In a Europe governed in the interests of the few, where the far right is on the rise, towns and cities are building new ways to do politics and defend the common good from the bottom up. In Spain, 'cities of change' are combating speculation and defending the right to housing. In Italy, local governments are creating new legal mechanisms to protect the urban commons, and cities across Europe are taking energy and water delivery back into public hands after failed privatisations. Municipalism is transforming Europe from the bottom up.
The CEDD was created in the context of the growing evidence that international policies on drug control have not decreased drug use, have not stopped the cultivation of crops for illicit markets, and have not reduced drug trafficking. The effects of drug laws fall disproportionately on the most vulnerable and disadvantaged peoples, and have the undesired consequence of overwhelming the criminal...
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An unprecedented one-year comparative study of the drug laws and prison systems in eight Latin American countries - Argentina, Bolivia, Brazil, Colombia, Ecuador, Mexico, Peru and Uruguay - will be released on December 9, 2010, by the Transnational Institute (TNI) and the Washington Office on Latin America (WOLA).
Systems Overload: Drug Laws and Prisons in Latin America is the first major study to explore the way drug laws have contributed to prison overcrowding, analyze who is imprisoned on drug charges, and evaluate the impact of incarceration on people's lives, their families and their communities. Based on the available data, each country-study presents and analyzes statistics on the situation in the prisons, including levels of over-crowding; the percentage of prisoners behind bars on drug charges; the percentage of those who are consumers, low-level offenders or bigger traffickers; and the level of involvement in the drug trade of those in jail.
Cannabis is the most widely produced and consumed illicit substance globally. A significant number of states have long engaged in soft defection from the UN drug control regime in relation to tolerant policies on the personal possession, cultivation and use of cannabis. Recently, there has been growing debate within political circles on the benefits of regulated cannabis markets. This has been driven by a number of factors, including the continuing illegality of supply, the associated and often violent involvement of criminal elements and the use of finite criminal justice resources. In this section you will find an overview of our most recent blogs on the issue.
The Washington Office on Latin America (WOLA) and the Transnational Institute (TNI) have learned that the United States is moving to oppose, as soon as this week, Bolivia’s formal request to remove the obligation to ban the chewing of coca leaves— an indigenous practice dating back more than 2,000 years. TNI and WOLA strongly encourage countries to support Bolivia’s proposal, which is a legitimate request based on scientific evidence and respect for cultural and indigenous rights.
Over the past several decades, Latin America has seen penalties for drug crimes—even low-level selling—skyrocket. And in many Latin American countries, non-violent drug offenses receive significantly longer sentences than many violent crimes, such as homicide and rape. A new study of criminal legislation explores this phenomenon in seven Latin American countries (Brazil, Ecuador, Peru, Mexico, Colombia, Bolivia, and Argentina).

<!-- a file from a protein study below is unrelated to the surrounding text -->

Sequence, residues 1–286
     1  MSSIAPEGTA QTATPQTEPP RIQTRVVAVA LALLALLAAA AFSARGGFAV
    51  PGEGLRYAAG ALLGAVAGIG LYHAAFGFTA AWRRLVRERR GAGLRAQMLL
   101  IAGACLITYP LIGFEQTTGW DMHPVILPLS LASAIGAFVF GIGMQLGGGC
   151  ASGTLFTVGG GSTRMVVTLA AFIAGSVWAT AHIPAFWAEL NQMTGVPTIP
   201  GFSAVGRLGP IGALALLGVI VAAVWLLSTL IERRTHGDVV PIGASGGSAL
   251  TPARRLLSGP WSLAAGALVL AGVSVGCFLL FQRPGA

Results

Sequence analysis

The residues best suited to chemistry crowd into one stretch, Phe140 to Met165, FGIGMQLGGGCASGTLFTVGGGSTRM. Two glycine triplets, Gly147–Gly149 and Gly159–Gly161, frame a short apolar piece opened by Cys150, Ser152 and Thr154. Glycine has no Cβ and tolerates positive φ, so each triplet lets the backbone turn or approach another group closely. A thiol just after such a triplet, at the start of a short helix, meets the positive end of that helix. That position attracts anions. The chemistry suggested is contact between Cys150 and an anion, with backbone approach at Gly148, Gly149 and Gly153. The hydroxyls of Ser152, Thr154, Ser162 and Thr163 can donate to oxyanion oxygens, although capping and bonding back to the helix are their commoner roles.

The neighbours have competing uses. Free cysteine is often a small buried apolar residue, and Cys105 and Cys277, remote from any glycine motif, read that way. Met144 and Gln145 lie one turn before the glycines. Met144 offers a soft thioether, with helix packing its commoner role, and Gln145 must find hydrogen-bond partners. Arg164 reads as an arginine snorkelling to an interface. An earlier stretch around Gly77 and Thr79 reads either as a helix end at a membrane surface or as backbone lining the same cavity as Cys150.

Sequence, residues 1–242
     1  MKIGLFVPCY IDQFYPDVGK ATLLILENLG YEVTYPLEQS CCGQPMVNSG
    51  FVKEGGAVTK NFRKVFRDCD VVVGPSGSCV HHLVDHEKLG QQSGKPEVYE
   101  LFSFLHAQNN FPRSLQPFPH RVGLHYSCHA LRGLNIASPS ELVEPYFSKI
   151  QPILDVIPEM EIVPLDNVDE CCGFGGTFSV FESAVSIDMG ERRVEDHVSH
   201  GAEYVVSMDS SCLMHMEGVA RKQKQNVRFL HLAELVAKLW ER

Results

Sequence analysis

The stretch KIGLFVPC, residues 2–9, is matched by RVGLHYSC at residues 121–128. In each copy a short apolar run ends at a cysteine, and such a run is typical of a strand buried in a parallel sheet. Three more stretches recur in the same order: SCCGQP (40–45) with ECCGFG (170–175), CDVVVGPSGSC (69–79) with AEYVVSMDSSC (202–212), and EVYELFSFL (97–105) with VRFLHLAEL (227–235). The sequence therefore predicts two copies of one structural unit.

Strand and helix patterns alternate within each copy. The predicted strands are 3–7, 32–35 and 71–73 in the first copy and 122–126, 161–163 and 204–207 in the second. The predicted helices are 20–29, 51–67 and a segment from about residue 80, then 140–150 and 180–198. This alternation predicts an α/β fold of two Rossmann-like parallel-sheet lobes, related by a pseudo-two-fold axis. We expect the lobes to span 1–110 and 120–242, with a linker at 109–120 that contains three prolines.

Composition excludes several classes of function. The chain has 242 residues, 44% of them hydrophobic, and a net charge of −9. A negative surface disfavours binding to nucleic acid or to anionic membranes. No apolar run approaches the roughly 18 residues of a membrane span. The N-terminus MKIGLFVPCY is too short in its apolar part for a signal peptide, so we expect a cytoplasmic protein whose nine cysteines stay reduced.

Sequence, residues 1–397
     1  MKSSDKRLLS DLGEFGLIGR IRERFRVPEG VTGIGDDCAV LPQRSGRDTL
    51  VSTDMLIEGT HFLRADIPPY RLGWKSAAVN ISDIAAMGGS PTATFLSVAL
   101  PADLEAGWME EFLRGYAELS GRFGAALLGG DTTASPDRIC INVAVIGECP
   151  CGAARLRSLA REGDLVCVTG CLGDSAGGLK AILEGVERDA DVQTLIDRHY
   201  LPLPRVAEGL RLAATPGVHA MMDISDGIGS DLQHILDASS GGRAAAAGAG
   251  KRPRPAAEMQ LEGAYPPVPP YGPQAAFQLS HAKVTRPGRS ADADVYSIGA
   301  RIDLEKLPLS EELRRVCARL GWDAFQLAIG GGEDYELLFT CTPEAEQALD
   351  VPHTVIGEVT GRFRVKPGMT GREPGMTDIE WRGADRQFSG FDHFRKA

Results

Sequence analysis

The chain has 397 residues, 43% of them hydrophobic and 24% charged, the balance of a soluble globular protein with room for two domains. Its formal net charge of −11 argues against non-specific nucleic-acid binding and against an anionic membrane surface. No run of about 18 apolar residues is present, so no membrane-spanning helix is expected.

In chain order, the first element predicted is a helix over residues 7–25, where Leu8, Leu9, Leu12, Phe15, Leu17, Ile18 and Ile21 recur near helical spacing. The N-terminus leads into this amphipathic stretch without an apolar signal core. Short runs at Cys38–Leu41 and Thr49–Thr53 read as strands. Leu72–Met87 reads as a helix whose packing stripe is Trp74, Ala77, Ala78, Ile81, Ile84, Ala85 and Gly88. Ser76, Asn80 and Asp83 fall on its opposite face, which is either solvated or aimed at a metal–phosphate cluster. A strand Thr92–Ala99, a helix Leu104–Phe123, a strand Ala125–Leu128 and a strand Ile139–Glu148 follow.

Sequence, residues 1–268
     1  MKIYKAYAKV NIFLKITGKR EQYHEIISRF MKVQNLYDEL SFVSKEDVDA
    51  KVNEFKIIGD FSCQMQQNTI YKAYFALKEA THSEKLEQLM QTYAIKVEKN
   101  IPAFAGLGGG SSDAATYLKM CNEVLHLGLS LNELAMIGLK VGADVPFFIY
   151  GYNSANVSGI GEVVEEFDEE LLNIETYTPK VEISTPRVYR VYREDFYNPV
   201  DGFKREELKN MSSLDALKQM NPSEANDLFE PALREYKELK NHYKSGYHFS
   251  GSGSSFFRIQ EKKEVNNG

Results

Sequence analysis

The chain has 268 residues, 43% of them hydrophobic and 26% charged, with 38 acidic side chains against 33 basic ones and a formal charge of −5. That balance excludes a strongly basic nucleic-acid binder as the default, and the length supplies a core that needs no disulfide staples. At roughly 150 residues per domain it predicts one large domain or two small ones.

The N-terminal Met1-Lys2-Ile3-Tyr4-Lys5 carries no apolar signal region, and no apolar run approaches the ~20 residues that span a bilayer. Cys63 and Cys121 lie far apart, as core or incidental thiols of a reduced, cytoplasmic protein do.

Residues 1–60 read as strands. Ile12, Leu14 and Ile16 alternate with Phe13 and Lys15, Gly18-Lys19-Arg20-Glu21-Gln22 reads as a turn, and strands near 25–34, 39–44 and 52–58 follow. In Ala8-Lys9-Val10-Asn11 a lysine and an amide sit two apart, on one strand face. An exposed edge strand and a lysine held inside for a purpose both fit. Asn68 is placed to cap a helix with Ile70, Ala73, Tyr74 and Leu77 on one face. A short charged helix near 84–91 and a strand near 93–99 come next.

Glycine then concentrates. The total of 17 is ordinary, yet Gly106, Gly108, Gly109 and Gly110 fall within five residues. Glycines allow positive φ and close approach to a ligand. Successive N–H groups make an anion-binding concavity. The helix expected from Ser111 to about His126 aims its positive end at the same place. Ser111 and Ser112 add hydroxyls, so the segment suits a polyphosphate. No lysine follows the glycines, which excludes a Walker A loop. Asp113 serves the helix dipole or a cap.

Legalisation of cannabis is making slow but unstoppable progress across much of the developed world, many experts believe, following the end of prohibition in two US states. In Amsterdam, long famous for its coffee shops, international experts gathering to discuss cannabis regulation said the international conventions, once so heavily policed by the US, would now be increasingly flouted. Already many countries, most notably the Netherlands and Spain, have bypassed the rules.
The war on cannabis seems to be slowly burning out. On June 12th Jamaica announced that it plans to decriminalise possession of small amounts of the drug. Several countries, including Mexico and Portugal, have already taken this step, and many others are considering it. A handful of other jurisdictions—so far only Uruguay and the states of Colorado and Washington—have taken a different approach, not decriminalising but instead legalising cannabis. Many people mistakenly use the terms “legalisation” and “decriminalisation” interchangeably. What is the difference?
Decriminalisation is only half the answer. As long as supplying drugs remains illegal, the business will remain a criminal monopoly. Jamaica’s gangsters will continue to enjoy total control over the ganja market. They will go on corrupting police, murdering their rivals and pushing their products to children. People who buy cocaine in Portugal face no criminal consequences, but their euros still end up paying the wages of the thugs who saw off heads in Latin America. For the producer countries, going easy on drug-users while insisting that the product remain illegal is the worst of all worlds.
We are currently witnessing renewed attempts to open a debate on alternatives to the current drug control policies in Latin America. The failure of present drug control policies and the disproportionate social, economic, and political costs have led academics, advocates, and officials to search for approaches that promise to be both more humane and more effective.
Thursday, March 15, 13:15 – 14:45 in the Mozart Room, Vienna International Centre (VIC Restaurant - Ground Floor, F Building)
"The implementation of harsh drug laws has fueled rising incarceration rates and has contributed to severe prison overcrowding," the Washington Office on Latin America and the Transnational Institute wrote in a study two years ago.